With half a century of Earth Days behind us, we face a new level of urgency in our environmental crisis. The COVID-19 pandemic has reminded us that we live in interconnected systems. Some of the factors driving climate change are also increasing our risk for infectious pandemics. Deforestation, often in service of agriculture, contributes to a warmer planet. Habitat loss also forces animal migrations that increase the chance of pathogens spreading to new hosts. Raising livestock in our industrial agricultural system is a major source of greenhouse gas emissions, and a potential source of pathogen spillover from animal to human populations. And our reliance on fossil fuels—another key contributor to global warming—causes air pollution that makes us more vulnerable to respiratory infections We affect our environment, and our environment affects us. The more we understand about these connections, the more resilient we can become to protect our health, our communities, and our economy.
The past year’s disruptive wildfire seasons following extended droughts in Australia and California have given us a sobering glimpse of the future that the United Nations Intergovernmental Panel on Climate Change has warned we will face if we fail to limit global warming to 1.5℃ above pre-industrial levels. In light of these impending, catastrophic risks, our understanding of environmentalism, and what it means to be an environmentalist, is due for a critical reappraisal.
Historically, environmentalism has signaled a commitment to conservation and preservation– the latter an effort to return to some past pristine environment. Yet natural scientists, social scientists, and humanities scholars alike have underscored that the notion of an ahistorical, untouched nature is a faulty one. If we are to reorient the environmental movement’s goals and actions to avert crisis, we must reassess how we assign value to different ecosystems and human communities. To be sure, protecting open spaces and wild lands is still important as a part of the future management of our ecosystems, as they ensure crucial environmental protections for habitats that preserve our biodiversity, create carbon sinks that lower greenhouse gas levels, and provide natural areas we enjoy being in. Yet our current crisis requires that we also look to those less idealized environments—cities, suburbs, and industrial areas—and understand that we must also include them in our vision for overcoming the challenges of climate change.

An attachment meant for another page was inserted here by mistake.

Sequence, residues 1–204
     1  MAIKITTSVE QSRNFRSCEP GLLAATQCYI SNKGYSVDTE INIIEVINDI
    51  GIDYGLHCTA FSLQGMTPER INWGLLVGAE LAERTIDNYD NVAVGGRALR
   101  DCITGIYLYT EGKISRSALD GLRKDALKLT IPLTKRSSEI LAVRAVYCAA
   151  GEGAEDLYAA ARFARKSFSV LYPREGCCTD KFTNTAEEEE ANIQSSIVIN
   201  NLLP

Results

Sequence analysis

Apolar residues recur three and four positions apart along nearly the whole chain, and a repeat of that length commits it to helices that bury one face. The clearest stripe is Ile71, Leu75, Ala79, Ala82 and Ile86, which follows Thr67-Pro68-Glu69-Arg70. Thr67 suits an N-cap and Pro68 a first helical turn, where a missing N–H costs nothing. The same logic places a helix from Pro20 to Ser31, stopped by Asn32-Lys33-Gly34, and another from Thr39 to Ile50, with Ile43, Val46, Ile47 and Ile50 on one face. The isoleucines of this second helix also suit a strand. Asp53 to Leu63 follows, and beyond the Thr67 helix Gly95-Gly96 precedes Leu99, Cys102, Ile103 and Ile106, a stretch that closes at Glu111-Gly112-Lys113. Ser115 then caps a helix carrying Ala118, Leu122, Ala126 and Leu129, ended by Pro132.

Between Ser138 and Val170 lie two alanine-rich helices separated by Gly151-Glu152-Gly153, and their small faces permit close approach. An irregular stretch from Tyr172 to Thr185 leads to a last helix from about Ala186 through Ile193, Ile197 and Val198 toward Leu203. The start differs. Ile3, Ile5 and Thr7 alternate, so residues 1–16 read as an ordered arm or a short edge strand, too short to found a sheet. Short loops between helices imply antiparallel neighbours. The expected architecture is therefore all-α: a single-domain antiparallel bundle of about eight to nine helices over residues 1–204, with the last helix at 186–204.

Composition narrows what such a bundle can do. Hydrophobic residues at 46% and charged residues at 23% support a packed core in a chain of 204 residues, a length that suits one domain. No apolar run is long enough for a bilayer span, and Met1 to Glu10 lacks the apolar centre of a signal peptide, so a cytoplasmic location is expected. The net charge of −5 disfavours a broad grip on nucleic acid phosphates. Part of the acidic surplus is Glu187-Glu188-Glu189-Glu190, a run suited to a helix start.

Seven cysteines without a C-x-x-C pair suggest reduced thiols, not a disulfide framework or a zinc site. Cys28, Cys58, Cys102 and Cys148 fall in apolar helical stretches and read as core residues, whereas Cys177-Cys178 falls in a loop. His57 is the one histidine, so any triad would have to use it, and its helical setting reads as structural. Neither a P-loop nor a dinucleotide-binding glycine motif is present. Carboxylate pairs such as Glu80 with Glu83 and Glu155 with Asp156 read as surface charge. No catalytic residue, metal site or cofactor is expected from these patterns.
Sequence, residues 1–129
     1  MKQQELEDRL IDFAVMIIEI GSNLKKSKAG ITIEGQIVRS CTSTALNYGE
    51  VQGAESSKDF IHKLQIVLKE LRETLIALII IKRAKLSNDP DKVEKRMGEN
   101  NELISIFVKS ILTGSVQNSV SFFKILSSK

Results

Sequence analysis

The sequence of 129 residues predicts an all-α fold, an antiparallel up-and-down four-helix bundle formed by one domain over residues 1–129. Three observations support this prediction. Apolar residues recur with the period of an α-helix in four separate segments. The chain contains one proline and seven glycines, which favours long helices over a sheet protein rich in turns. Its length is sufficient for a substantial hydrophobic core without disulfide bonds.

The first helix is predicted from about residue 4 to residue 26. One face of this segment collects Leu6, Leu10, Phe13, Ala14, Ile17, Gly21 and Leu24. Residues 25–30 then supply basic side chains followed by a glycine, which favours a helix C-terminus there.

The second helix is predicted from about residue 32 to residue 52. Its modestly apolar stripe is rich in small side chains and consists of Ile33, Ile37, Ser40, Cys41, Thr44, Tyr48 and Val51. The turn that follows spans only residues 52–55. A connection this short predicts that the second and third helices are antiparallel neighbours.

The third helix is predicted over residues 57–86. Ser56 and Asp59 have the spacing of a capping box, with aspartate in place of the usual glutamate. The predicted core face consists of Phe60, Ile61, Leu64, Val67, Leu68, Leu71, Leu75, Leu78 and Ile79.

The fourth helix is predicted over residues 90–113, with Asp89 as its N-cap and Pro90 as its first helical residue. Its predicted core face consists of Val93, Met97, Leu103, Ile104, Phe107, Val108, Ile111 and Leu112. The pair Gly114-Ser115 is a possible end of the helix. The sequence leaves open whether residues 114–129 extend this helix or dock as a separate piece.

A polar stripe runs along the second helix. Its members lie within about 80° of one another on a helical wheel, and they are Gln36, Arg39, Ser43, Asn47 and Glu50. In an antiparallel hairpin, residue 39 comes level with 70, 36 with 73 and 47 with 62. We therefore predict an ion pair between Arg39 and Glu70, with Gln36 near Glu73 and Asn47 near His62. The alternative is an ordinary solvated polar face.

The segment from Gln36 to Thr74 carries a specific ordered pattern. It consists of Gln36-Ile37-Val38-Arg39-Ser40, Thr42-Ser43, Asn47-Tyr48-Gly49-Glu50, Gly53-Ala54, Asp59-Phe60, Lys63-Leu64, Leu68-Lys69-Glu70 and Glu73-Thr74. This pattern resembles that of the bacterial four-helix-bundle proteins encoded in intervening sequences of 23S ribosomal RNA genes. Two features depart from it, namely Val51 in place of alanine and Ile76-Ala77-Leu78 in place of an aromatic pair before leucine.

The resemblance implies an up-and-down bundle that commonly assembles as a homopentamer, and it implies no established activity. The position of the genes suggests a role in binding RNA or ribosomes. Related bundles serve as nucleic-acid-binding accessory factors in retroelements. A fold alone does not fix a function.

We propose rethinking environmentalism through the lens of resilience. Resilience offers an approach to the environmental crisis that differs in worldview and practice from the preservationist management strategies commonly associated with Earth Day and environmentalism more broadly. Whereas preservation focuses on returning to a fixed, idealized past environment, resilience emphasizes a roll-with-the-punches-like approach to living with and managing environmental change. Ecologists generally define resilience as a system’s ability to return to its prior condition after a disturbance, with more resilient systems mitigating the impacts of disturbance more quickly and completely.